There is a certain communication taking place between the lamp post and the sidewalk, the lime trees framing the autumn boulevard as distant statues hail the evening traffic forward in the muted bronze light of sunset. At some point, the ongoing constructs of social space internalize within us. It is, in part, the job of the poet to hear out these missives and to recognize the urban landscape we carry within the worlds our poems create.
Between plant life and stonework, bird song and headlamp, car horn and jackhammer, exhaust vent and the slow rise and fall of the dreamer breathing on the thirty-second floor—it would be unwise to think the metropolis offers the poem only its vertical and horizontal surfaces, its mechanically produced sound waves, the skyline the mere silhouette of a giant façade. I begin to wonder—what language does the city offer the poem, the poet, the reader? And, further—how does this language not only affect us but effect us?
The stanza (or “room” in Italian) is given literal rooms, buildings, corridors, walls, and windows through which one can view the world without or the world within. Roadways and boulevards function as transport both for the body and for the mind. But, perhaps they are not literal at all. The imagination gathers in the raw materials, forms the blueprint for a structure made of language, and then invites the reader to participate in building a similar architecture within the reader’s consciousness. One city is carried over into another, wall by wall, window frame by window frame, neighborhood by neighborhood, borough by borough, arrondissement by arrondissement. To borrow one of my favorite words from Jack Gilbert’s poetry, we are—as readers and as buildings constructed of language—augmented by this process.
As I read through the poems gathered for this issue, I found the pulse of the city insisting that it be heard—even in poems which leaned more toward a pastoral tradition. In the Paris of Pascale Petit’s “My Father’s City”—“The gargoyles’ cheeks flush / from the strain of breathing for you.” In “Smoke,” Michael Symmons Roberts asks, “What new edifice / hardens within, waits for the world to sharpen.” Dunya Mikhail takes us to “Hong Kong,” where the flowers are “everywhere: / on porcelain, / on bracelets, / on ashtrays, / on silken cravats, / on hems of coats, / on carpets, / on walls, / in meals, / in paintings, / in speeches…” Billy Ramsell’s “Distant Fears” recognizes that “The tide’s placid, insistent tongue is only wave / after wave of finance washing up on this green haven.” And, finally, Matthew Sweeney’s poem (“The Sleepwalker”) offers an intricate puzzle of consciousness and intent which begins with this opening gem of Carver-esque minimalism: “The sleepwalker shot himself / on the bridge over the freeway.”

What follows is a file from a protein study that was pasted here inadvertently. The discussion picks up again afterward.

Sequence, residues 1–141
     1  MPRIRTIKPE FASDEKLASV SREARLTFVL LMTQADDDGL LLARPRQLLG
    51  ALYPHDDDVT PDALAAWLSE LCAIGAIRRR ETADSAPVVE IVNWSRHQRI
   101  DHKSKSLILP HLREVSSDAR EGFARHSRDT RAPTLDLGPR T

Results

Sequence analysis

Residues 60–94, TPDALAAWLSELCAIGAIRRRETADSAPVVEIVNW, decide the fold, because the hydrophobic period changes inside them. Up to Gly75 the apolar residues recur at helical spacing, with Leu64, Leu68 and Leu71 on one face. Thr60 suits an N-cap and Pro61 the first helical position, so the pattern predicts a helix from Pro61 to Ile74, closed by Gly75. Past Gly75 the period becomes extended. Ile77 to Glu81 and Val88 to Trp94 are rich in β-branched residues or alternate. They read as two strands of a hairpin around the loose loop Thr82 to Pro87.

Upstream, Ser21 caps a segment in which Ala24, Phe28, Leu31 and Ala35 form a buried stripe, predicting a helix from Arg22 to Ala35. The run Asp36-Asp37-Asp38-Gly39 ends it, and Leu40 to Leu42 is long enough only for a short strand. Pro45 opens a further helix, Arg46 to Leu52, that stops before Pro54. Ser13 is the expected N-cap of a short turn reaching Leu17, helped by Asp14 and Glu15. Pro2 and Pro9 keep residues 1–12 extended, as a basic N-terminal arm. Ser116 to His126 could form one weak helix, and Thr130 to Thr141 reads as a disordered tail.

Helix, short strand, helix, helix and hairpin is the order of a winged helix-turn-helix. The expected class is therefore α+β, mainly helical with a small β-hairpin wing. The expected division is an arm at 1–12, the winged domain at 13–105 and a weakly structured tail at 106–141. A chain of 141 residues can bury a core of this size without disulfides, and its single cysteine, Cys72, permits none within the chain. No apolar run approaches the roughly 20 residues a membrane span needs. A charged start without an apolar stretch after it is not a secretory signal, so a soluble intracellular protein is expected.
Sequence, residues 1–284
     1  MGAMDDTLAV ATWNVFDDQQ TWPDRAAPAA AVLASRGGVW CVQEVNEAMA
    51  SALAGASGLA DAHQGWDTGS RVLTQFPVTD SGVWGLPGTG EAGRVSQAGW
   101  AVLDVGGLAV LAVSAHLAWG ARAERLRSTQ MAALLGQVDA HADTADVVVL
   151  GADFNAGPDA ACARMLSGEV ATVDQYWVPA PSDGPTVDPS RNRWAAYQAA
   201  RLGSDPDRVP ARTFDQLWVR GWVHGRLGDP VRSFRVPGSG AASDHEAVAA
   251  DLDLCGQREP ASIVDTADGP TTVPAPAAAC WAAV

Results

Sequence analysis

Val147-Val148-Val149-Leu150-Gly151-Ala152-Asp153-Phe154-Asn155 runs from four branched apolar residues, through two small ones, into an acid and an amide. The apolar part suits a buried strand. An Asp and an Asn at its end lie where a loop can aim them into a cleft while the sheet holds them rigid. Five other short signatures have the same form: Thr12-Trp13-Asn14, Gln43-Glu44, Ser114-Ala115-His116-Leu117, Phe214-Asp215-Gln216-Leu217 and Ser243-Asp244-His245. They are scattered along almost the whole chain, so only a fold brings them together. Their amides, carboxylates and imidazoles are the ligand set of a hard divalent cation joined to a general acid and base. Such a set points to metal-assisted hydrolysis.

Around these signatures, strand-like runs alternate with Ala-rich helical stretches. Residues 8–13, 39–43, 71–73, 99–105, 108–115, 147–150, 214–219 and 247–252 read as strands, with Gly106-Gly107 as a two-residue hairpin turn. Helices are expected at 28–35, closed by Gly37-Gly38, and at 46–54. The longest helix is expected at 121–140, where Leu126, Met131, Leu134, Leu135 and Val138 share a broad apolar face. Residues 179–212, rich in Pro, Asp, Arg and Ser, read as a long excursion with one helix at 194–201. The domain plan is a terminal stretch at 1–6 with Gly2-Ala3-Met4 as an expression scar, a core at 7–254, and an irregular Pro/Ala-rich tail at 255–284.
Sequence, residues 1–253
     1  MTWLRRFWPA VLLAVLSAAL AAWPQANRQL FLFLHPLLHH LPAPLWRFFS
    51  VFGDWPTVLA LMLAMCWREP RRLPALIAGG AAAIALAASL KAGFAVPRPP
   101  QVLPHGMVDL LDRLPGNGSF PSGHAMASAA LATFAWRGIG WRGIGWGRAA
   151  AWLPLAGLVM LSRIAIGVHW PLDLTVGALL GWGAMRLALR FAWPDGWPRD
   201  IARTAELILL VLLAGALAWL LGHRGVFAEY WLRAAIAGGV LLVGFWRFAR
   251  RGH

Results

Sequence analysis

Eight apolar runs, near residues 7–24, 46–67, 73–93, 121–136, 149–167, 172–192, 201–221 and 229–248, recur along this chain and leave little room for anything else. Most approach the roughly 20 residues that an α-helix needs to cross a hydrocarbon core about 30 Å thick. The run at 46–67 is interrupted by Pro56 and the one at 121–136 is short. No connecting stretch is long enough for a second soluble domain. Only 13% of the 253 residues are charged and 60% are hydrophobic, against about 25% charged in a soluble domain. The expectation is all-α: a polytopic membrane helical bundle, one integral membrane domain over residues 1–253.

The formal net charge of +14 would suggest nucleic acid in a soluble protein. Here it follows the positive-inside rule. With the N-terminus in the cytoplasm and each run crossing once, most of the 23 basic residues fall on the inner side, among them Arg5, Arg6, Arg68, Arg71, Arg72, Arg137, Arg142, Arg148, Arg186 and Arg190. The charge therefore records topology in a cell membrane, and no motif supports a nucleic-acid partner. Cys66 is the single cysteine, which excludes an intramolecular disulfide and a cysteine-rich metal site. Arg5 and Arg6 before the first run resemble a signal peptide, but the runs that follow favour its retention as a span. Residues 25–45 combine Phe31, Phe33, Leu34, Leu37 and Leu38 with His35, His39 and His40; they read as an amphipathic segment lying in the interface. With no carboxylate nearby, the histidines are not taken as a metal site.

When viewed as more than simple backdrop or stage treatment, poetry’s urban landscape challenges us to see beyond the reflective meditations possible in the pastoral mirror set before Narcissus. What, then, do we learn? I have singled out one possible thread running (arguably) through these five poems. Of course, these poems (and poets) offer more complications and delights than I’ve sketched and hinted at here. Still, even within the narrow focus I’ve suggested—what do we learn? Are we glimpsing the arcadian ideal refashioned in concrete and steel? Are we witnessing the dystopian, the ruination of form in private and public life? What does the urban topology tell us? Well, that’s part of the joy in reading. The poem finishes in the reader—you. I encourage you to wander out into the world of these poems and, in your own way, to be augmented by them.